Tentacle Tuesday: Ugly Stickers Uglify the World

I say, the year’s first Tentacle Tuesday is a big responsibility! That’s why I’d like to start with some slimy or furry,  squirming or pitter-pattering, whimsical or gnarled, skittish or spine-chilling, drooly woolly creepy crawlies with toupees and bloodshot eyes. After all, the 2020s decade is sadly guaranteed to be full of ’em… but  of a significantly less cute variety than the lot that I’m featuring today.

ToppsUgly Stickers have a lot going for them: excellently drawn, tongue-in-cheek monsters in various states of putrefaction. If there’s one commonality between them, it’s that most of them showcase teeth any dentist would be thrilled to drill through. Many of them have far more appendages that a regular creature needs… and a lot of these appendages are distinctly tentacular, which is of course where we come in! And they’re all cute as a button.

David Saunders, Norman Saunders’ son, explains in the latter’s biography (Illustrated, 2009):

«In 1965 Topps released Ugly Stickers. This set was initially based on the grotesque drawings of Basil Wolverton, but when he demanded copyright control, he was paid off for his first twelve images and then fired. The rest of the creatures in the set were designed by Norman Saunders and Wally Wood.

The creatures that appear on the display box, the wax wrapper, and the giant twelve-piece puzzle were all designed by Saunders. He also painted all 44 Ugly Stickers. These were so popular they were reissued in four later versions and even spawned a line of rubbery toys called Teacher’s Pets.»

So what’s the break-down? Out of the original 44 stickers, Wolverton designed 10. The rest were the handiwork of Wally Wood and Norman Saunders. The total set numbers 164. Not all cards were repeated in the re-runs, which is why the numbers don’t compute, for those of you who multiplied 44 cards by 4 versions and obtained 176, not 164; there were 4 groups of 40 cards + 4 non-repeated cards.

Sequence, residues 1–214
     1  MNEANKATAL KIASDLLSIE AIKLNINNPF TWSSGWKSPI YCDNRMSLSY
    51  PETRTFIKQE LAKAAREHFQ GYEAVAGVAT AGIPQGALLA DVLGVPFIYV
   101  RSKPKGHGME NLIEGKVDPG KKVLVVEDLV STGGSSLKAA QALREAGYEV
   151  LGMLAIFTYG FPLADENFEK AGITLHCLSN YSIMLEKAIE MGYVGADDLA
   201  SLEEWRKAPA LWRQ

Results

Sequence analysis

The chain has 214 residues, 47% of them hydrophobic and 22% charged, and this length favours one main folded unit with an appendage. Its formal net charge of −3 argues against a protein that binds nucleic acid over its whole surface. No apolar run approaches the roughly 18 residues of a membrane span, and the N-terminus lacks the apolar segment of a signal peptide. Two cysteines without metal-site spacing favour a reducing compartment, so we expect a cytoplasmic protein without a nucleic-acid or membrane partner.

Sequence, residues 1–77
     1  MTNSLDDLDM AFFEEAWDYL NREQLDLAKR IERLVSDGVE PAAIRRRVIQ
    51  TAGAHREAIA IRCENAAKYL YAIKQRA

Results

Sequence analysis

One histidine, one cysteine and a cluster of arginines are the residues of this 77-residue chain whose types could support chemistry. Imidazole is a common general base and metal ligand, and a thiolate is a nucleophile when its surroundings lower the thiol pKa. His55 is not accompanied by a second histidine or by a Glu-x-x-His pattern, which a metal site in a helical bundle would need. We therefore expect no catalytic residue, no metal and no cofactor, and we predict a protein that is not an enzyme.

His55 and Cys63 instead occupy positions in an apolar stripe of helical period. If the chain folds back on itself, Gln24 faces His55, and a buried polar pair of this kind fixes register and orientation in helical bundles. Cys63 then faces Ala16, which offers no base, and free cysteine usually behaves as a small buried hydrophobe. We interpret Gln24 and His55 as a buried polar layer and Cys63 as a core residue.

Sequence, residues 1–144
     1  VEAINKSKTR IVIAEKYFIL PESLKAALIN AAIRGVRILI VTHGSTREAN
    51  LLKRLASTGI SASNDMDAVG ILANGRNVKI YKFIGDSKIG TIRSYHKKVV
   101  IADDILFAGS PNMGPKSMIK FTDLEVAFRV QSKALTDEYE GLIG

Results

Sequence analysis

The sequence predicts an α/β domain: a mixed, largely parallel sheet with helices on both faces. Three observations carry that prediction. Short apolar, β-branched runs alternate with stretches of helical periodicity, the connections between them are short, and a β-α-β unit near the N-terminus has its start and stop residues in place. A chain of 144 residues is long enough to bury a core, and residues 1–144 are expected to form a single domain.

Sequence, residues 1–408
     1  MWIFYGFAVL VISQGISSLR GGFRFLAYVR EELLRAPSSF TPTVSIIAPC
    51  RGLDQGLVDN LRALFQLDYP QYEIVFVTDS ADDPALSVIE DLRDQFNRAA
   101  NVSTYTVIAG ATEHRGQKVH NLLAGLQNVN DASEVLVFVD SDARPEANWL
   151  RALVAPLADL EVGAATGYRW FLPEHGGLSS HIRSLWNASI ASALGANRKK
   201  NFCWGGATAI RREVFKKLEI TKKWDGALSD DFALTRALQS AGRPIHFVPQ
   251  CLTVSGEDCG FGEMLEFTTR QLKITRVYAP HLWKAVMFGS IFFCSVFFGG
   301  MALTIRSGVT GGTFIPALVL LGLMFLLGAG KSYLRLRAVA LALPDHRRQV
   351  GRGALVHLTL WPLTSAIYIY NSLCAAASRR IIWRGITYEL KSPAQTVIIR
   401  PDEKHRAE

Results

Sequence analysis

Monster Mash- The Creepy, Kooky Monster Craze In America
A page from Monster Mash: The Creepy, Kooky Monster Craze In America, 1957-1972 (Two Morrows Publishing, 2015), which you can read here.

In some print runs, the creatures did not have names, doubtlessly leaving that part to the reader’s imagination. Most cards, however, do have names, with genders shamelessly swapped, making guys into gals and back into guys again. Take a peek at the full list of name changes over at this very instructive website, Bubble Gum Cards.

ToppsUglyStickers3

Does s/he look like a Jacqueline to you? Or maybe an Edward? I vote for the former; such an elegant name for a bug-eyed, displeased brain-thing, Just look at the flair with which she wears that pink tuft of fur underneath.

Number3-UglyStickers-NamesA

SaundersWoodKennethA

ToppsUglyStickersIris

ToppsUglyStickersJames

ToppsUglyStickersMarvin

Joseph and Evelyn (or Stanley and Renée, or…) were previously used by my co-admin RG in his Hallowe’en Countdown III, Day 24 post, but they distinctly have tentacles, so I believe it’s worth running them again.

ToppsUglyStickersJoseph

SaundersWoodEvelynA

As a little bonus, here’s a lady from Topps’ 1966 Ugly Name Stickers series who asked to be included. Her name was… Donald, Sylvia, Angelo, Phyllis, Barney, or Rosemary. “Barney” is really pushing it!

Toppsno6uglystickers

Teacher'sPet-UglyStickers
A little friendly critter from the Teacher’s Pets series (probably…. these things are veiled in a shroud of mystery), which was a rubbery spin-off from Ugly Stickers.

~ ds

4 thoughts on “Tentacle Tuesday: Ugly Stickers Uglify the World

  1. Jon September 30, 2021 / 20:07

    I love these designs. Is there any information about how they were done? They look like mixed media, a combination between watercolors and gouache.

    Like

    • gasp65 September 30, 2021 / 22:25

      Hi Jon! In an attempt to answer your question, I dug into Norman Saunders’ biography, but it’s frustratingly vague as to his methods. It’s evident he was at ease with all the main techniques, painting his larger pieces in oils, but the Topps pieces, generally small, were most likely acrylics with some gouache or watercolour. In some cases, airbrush even comes into it. I’d say you’re pretty much on the money with your guess.

      I’ll be featuring some of Mr. Saunders’ spookier Wacky Packages in the course of my upcoming Hallowe’en Countdown, by the way!

      Like

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